HIDU Mode: HVAC Design For A Pandemic


We recently worked on a major expansion of an existing hospital. Like many other healthcare facilities, they were struggling to meet the demands of the COVID-19 pandemic, which has challenged and greatly impacted our world. ASHRAE’s Position Document on Infectious Aerosols identifies multiple ventilation-related strategies for reducing exposure to infectious aerosols, including dilution, pressurization, mechanical filtration, and ultra-violet germicidal irradiation (UVGI). Healthcare environments are not typically designed to implement these strategies on a large, pandemic-level scale.

Highly Infectious Disease Unit Set-Up

During the construction phase of the project, a modification was made to the control sequence for the three variable volume AHUs serving the new patient floors so that the hospital would have the ability to meet the demands created by this current pandemic as well as any future pandemics. HIDU Mode (Highly Infectious Disease Unit) would allow the hospital to switch the patient rooms on a floor from normal operation (positive to neutral-positive pressurization) to negative pressurization at the push of a button. The benefit of this design was twofold – the hospital could quickly increase its capacity of infectious control rooms with negative pressurization to handle increased demand, while the negative pressure cascade on the floor would allow doctors and nurses working in the interior areas of the floor to also be protected from the risk of airborne infections. No additional adjustments to the HVAC system would have to be made in the future by the facility management team or the test and balance contractor.

HIDU Mode Control Sequence

Figure 1 – HIDU Mode Control Sequence

HIDU Mode Control Diagram

Figure 2 – HIDU Mode Control Diagram

A larger outside air duct was added to the back of the AHU with a motorized damper that would open during HIDU mode for 100% outside air operation. An additional, larger chilled water control valve was added for temperature control. A dedicated HIDU exhaust fan was also installed and connected to the return duct that would pull air from each patient room. The intent behind this design was to create a negative pressure cascade from the interior of the floor to the patient rooms. This was accomplished by adjusting the terminal units serving the interior of the floor to their maximum airflow setpoints, while additional HIDU control dampers serving the return air grilles at the interior of the floor would close, forcing more air to be pulled by the exhaust fan through the patient rooms. The terminal units serving the patient rooms would continue to modulate for airflow and temperature control.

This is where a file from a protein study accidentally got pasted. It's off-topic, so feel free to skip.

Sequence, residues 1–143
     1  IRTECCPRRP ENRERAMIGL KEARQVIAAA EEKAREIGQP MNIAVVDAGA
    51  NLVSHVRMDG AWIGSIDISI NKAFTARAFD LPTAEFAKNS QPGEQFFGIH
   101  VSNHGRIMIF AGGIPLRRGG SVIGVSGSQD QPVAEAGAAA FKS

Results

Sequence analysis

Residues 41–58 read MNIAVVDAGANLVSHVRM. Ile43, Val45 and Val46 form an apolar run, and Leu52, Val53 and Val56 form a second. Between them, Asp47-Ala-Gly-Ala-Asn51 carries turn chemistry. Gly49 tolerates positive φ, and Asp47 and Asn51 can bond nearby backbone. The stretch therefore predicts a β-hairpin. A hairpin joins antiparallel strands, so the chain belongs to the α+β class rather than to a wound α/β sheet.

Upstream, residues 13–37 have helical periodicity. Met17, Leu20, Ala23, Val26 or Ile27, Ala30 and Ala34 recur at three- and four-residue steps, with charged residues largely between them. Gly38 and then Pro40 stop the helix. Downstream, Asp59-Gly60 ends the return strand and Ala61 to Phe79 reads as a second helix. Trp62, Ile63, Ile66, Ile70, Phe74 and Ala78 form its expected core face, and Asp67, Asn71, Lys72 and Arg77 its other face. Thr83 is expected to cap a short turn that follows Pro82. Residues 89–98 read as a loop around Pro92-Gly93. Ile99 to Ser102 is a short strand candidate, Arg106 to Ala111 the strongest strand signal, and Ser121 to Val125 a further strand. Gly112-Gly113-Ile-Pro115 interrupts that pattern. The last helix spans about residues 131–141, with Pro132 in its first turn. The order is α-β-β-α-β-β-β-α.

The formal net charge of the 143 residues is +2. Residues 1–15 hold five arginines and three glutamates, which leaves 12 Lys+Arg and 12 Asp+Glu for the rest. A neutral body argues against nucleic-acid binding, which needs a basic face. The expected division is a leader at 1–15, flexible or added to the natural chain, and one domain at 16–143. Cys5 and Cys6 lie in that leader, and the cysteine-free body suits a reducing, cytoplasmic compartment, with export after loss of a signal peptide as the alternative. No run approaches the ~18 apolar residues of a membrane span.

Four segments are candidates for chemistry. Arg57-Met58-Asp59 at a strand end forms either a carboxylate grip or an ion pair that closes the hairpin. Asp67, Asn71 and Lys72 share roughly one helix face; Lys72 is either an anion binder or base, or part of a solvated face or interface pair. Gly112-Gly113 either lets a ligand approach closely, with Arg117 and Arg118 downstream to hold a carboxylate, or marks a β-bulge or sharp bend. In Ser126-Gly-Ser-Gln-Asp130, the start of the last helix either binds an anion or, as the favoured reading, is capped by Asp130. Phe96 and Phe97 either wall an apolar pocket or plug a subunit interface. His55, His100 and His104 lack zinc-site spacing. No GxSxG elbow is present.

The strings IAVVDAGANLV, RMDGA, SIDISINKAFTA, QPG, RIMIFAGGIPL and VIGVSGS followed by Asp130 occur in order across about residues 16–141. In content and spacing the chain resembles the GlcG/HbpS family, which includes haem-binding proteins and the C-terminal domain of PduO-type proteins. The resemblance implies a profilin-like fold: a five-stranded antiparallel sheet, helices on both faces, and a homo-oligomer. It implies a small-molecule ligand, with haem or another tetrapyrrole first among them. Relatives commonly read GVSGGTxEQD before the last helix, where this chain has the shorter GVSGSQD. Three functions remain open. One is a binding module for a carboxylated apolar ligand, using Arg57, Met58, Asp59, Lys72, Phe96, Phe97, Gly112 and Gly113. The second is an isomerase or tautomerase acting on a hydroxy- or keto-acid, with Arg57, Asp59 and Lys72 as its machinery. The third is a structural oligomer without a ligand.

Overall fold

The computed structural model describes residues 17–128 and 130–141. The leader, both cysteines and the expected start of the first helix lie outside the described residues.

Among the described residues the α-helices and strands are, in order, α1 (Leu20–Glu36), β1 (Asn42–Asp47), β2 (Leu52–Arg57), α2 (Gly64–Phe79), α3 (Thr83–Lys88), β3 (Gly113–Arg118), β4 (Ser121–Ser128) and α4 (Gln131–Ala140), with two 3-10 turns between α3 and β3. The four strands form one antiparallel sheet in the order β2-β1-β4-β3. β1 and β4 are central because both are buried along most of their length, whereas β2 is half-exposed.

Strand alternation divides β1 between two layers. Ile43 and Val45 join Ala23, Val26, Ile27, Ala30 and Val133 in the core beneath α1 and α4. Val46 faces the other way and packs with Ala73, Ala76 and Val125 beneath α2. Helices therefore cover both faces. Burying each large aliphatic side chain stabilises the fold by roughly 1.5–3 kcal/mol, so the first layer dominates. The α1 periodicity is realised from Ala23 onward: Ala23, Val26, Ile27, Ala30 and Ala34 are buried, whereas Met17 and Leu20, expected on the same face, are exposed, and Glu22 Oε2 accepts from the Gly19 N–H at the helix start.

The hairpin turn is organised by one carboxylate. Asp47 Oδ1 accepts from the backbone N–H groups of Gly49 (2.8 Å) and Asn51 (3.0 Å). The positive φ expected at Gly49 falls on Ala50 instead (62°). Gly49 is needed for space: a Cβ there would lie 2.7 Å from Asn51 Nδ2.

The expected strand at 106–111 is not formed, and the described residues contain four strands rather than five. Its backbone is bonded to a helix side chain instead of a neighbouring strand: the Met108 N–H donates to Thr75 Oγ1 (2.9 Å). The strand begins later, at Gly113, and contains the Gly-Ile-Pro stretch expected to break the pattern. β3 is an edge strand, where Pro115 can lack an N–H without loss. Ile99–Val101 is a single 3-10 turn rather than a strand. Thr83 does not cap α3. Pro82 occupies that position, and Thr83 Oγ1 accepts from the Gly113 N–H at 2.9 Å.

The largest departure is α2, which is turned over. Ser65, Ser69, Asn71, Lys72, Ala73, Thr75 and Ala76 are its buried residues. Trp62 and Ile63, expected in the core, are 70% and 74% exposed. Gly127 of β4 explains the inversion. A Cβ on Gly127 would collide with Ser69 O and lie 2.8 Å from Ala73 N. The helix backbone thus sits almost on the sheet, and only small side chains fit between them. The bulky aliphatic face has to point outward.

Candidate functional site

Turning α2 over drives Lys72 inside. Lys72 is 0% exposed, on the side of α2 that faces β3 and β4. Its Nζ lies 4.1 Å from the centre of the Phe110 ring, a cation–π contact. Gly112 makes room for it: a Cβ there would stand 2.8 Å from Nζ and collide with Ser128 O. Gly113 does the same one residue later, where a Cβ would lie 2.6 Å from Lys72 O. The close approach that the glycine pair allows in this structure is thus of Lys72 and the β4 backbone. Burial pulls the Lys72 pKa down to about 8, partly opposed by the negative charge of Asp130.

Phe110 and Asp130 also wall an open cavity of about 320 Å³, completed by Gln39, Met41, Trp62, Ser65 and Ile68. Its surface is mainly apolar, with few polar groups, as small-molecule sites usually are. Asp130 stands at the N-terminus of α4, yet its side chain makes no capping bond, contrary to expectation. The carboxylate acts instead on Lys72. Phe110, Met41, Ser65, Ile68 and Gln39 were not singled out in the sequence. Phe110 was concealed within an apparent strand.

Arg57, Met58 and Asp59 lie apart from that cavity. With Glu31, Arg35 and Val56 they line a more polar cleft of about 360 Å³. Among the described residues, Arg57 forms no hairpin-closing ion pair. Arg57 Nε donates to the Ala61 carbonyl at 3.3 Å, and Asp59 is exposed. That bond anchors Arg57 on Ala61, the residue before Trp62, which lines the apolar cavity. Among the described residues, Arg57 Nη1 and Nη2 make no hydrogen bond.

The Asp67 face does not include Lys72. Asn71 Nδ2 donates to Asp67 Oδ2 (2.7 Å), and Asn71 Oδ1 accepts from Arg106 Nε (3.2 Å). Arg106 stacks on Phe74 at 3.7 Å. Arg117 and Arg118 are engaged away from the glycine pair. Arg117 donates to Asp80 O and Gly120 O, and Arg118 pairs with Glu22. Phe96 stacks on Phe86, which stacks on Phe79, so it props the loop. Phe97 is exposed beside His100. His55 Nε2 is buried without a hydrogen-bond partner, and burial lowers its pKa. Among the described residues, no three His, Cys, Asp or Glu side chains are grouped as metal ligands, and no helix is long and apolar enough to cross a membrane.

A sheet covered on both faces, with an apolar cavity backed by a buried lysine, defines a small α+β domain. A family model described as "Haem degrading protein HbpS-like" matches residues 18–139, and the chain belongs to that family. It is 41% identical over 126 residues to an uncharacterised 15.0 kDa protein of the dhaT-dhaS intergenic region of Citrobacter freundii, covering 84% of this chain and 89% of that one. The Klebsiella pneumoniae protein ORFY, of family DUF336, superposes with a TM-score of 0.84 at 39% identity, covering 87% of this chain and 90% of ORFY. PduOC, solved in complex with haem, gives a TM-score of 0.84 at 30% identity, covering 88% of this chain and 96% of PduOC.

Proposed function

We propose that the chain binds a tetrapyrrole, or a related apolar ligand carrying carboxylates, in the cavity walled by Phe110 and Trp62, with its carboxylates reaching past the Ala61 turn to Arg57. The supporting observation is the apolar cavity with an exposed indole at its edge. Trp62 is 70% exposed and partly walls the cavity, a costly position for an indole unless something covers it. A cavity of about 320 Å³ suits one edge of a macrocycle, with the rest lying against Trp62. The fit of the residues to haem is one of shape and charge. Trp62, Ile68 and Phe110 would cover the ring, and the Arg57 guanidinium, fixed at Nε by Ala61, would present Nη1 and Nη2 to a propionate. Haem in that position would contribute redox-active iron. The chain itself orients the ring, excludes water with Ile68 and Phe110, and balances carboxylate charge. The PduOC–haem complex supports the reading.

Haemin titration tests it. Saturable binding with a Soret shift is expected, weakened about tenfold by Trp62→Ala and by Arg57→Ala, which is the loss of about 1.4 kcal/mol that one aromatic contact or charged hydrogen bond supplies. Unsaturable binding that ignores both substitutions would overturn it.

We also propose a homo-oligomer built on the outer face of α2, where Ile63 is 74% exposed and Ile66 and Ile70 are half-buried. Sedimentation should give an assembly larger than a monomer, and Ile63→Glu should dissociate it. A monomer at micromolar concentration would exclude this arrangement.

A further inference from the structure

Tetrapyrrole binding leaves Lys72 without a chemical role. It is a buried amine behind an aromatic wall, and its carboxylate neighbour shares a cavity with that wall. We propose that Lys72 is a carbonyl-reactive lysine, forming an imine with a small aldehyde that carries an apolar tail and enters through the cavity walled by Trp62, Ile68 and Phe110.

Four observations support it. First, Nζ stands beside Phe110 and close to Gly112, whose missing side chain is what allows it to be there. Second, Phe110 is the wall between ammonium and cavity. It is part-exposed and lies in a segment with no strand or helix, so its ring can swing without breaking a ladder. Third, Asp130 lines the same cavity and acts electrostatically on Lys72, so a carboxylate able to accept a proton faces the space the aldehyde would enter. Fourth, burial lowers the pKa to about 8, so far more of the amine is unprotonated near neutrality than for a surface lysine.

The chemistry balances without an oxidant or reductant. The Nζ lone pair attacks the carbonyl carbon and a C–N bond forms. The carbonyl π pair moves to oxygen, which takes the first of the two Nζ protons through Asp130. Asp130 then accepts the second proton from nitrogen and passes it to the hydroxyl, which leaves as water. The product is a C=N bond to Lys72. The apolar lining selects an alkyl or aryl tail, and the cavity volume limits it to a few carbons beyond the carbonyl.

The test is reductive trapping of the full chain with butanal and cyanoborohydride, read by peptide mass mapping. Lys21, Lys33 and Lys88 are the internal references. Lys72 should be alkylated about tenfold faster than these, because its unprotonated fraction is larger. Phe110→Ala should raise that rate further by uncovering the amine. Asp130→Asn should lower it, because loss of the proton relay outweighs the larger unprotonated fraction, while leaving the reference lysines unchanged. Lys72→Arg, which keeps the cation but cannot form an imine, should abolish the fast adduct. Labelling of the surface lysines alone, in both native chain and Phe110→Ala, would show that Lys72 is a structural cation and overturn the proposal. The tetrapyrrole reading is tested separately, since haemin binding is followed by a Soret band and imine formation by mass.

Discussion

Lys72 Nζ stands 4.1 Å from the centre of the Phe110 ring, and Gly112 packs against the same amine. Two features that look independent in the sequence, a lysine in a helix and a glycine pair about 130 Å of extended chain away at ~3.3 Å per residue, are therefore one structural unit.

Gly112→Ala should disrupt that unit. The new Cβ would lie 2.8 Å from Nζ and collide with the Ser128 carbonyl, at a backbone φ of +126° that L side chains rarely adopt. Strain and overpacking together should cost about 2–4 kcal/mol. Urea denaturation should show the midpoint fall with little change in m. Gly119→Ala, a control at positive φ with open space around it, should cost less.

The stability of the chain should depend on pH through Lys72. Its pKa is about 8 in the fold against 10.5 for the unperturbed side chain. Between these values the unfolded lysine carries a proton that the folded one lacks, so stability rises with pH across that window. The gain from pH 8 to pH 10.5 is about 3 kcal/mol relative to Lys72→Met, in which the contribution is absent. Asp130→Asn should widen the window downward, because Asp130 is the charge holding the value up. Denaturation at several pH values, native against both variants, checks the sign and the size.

We attempted to test HIDU mode after the systems had already been balanced. We verified that each component in the HIDU mode sequence was working correctly. However, the AHU kept tripping on the low static safety (-2.5” WC). After lowering the speed of the exhaust fan, we took a static pressure profile of the ductwork and found that in the portion of the ductwork closest to the fan, we were measured -2.0” WC which met the maximum pressure rating of the ductwork. Any further increase of fan speed caused the low static safety to trip. The combination of fire smoke dampers and control dampers closing, along with many manual volume dampers being throttled 50-90% closed, added additional restriction to the system that was not accounted for in the initial design, and the exhaust fan performance was now being limited by the -2.0” WC pressure rating of the return ductwork.

HIDU Mode Implementation

After consulting with the Design Team and sharing our data, a solution was proposed to increase the capacity of the exhaust fan. The fire/smoke damper serving the shared offices on the west side of the floor would be left open in HIDU mode. This would relieve some of the restrictions being added to the system and allow for the exhaust fan to achieve the updated design airflow of 14380 CFM. After this sequence modification was proven to be successful on Level 5, it was implemented on the remaining floors and we were able to successfully test HIDU mode. We documented and confirmed that a negative pressure cascade was being maintained on the floor with all patient rooms operating with negative pressurization during HIDU mode.

Written By Paul Janus

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